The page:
"We live outside London and were spending a "tourist in your own city"- weekend and found the leaflet the day before, so we didn't know much about the London Walks. We just showed up at Whitechapel Tube station and so was about 20 others. Harry knew what he was talking about! He told interesting stories, he answered all kinds of questions from us, and he was very knowledgeable about the past and present of the area. He often added a personal touch, adding his family-stories in, and that made the walk truly enjoyable." Frodefox Teddington, United Kingdom
Here's a 3-minute clip from the Travel & Transitions shoot of The Unknown East End Walk. It gives you a pretty good idea of Harry's easy manner, his command of his material, his wry sense of humour and just generally what a cool dude he is (those shades!).
"Men who learned their first lessons about poverty at Toynbee Hall went on to help reshape 20th century Britain. They included the great imperialist Alfred Milner, the socialist and historian R. H. Tawney (one of the creators of the Workers' Educational Association), the very influential editor of the liberal Westminster Gazette J. A. Spender, the economist and civil servant William Beveridge (whose contribution to the development of social insurance and the modern welfare state is unequalled), the brilliant civil servant and educational reformer Robert Morant (the key figure in the development of state education), the future Labour Prime Minister Clement Attlee, the social investigator and great civil servant Hubert Llewellyn Smith (the creator of the 1911 Unemployment Insurance Act and, with Beveridge, of Labour Exchanges)." Stephen Inwood
"The further we penetrated into this Whitechapel, the more our hearts sank. Was this London? Never in Russia, never later in the worst slums of New York, were we to see such poverty as in the London of the 1880s." Yiddish theatre actor Jacob Adler, writing of the period 1883-1884
If you can't make one of the regularly scheduled, just-turn-up, public Unknown East End walks do think about booking one as a private tour. If you go private you can have the Unknown East End Walk – or any other London Walk – on a day and at a time that suits your convenience. We'll tailor it to your requirements. And – always with private London Walks and tours – we go to great lengths to make sure the guide-walker(s) "fit" is well-nigh perfect. Ring Fiona or Noel or Mary on 020 7624 3978 or email us at email@example.com and we'll set it up and make it happen for you. A private London Walk – they're good value for an individual or couple and sensational value for a group – makes an ideal group or educational or birthday party or office (team-building) or club outing.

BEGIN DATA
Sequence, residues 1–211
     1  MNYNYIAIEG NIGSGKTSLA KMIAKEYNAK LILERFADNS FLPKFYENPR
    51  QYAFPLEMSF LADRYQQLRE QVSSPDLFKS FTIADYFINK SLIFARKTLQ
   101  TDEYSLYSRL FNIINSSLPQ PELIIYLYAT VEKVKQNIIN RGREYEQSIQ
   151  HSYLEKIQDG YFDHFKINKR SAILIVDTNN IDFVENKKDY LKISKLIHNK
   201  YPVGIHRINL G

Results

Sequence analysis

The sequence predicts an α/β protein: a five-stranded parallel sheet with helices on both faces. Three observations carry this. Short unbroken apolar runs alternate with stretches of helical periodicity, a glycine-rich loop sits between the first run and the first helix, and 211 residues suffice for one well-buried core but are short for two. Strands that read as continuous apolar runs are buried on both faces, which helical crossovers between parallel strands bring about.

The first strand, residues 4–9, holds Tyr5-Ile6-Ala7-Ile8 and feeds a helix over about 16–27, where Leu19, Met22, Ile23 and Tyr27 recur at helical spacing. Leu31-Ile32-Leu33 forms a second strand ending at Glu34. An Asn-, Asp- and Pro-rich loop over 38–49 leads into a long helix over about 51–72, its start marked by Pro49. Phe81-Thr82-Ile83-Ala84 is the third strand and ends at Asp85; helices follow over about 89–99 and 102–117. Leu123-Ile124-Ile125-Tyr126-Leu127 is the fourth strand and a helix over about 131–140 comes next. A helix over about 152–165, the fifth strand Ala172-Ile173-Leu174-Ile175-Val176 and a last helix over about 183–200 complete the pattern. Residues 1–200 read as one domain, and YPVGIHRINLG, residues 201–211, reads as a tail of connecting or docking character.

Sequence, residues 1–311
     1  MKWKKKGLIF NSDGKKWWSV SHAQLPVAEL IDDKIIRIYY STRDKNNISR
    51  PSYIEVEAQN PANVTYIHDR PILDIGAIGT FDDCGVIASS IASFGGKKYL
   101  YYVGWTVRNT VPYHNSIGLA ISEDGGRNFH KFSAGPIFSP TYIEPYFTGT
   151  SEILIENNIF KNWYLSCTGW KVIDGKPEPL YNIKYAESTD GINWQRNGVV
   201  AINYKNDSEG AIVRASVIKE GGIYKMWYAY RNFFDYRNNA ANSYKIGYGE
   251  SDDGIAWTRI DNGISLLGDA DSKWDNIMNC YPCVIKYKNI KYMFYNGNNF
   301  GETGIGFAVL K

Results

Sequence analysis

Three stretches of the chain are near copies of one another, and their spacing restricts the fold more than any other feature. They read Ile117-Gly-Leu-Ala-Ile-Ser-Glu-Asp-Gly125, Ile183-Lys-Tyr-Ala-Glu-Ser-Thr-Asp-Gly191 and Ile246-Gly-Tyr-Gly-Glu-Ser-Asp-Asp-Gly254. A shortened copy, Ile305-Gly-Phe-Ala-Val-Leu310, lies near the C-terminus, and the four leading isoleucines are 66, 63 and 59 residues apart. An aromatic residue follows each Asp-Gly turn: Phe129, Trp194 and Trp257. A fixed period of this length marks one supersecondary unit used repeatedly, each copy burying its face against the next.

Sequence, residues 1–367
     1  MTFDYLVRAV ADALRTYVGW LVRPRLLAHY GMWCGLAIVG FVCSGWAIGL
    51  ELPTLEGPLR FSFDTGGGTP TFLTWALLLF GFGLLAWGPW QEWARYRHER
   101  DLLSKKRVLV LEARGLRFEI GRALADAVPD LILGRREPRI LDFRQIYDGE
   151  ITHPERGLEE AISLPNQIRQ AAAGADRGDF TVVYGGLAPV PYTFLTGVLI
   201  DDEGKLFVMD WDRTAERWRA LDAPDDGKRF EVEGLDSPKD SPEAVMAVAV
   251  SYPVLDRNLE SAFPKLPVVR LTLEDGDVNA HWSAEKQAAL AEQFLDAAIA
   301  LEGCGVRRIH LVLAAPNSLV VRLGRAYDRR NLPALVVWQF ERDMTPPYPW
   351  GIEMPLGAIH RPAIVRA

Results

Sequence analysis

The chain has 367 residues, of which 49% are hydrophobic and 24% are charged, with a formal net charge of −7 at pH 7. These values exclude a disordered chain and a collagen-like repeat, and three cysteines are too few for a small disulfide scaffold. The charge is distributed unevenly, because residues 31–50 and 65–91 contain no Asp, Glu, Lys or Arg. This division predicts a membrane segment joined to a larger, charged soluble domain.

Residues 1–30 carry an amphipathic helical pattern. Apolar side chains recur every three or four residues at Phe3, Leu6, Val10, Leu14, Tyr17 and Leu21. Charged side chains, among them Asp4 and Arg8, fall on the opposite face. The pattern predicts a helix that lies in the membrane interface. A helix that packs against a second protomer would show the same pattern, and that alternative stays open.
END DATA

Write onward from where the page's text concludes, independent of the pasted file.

A private London Walk makes a very special gift – be it a birthday or anniversary or get-to-know-your-new neighbourhood gift or Christmas present or whatever. Merchandise schmerchandise (gift wrapped or not) – but giving someone an experience, now that's special. Memories make us rich.
"Nah, don't need it, got it all here," you say. Er, roaming charges? Er, dead battery? Er, reading your phone in the bathtub and you drop it? [Smelling salts interval: sick as a parrot. ashen-faced.] Er, read the famous white leaflet in the bathtub and you drop it what do you do? Er, you dry it out. Anyway, maybe worth making a mental note that you can always pick up the famous white London Walks leaflet at the Cafe in the Crypt at St. Martin-in-the-Fields, the old church in Trafalgar Square. They're on the Information Table there, right by the box office. And indeed they also display them on the shop counter, right by the cash register. And it's win-win because the Cafe in the Crypt is one of the town's delights. Should be on everybody's London itinerary.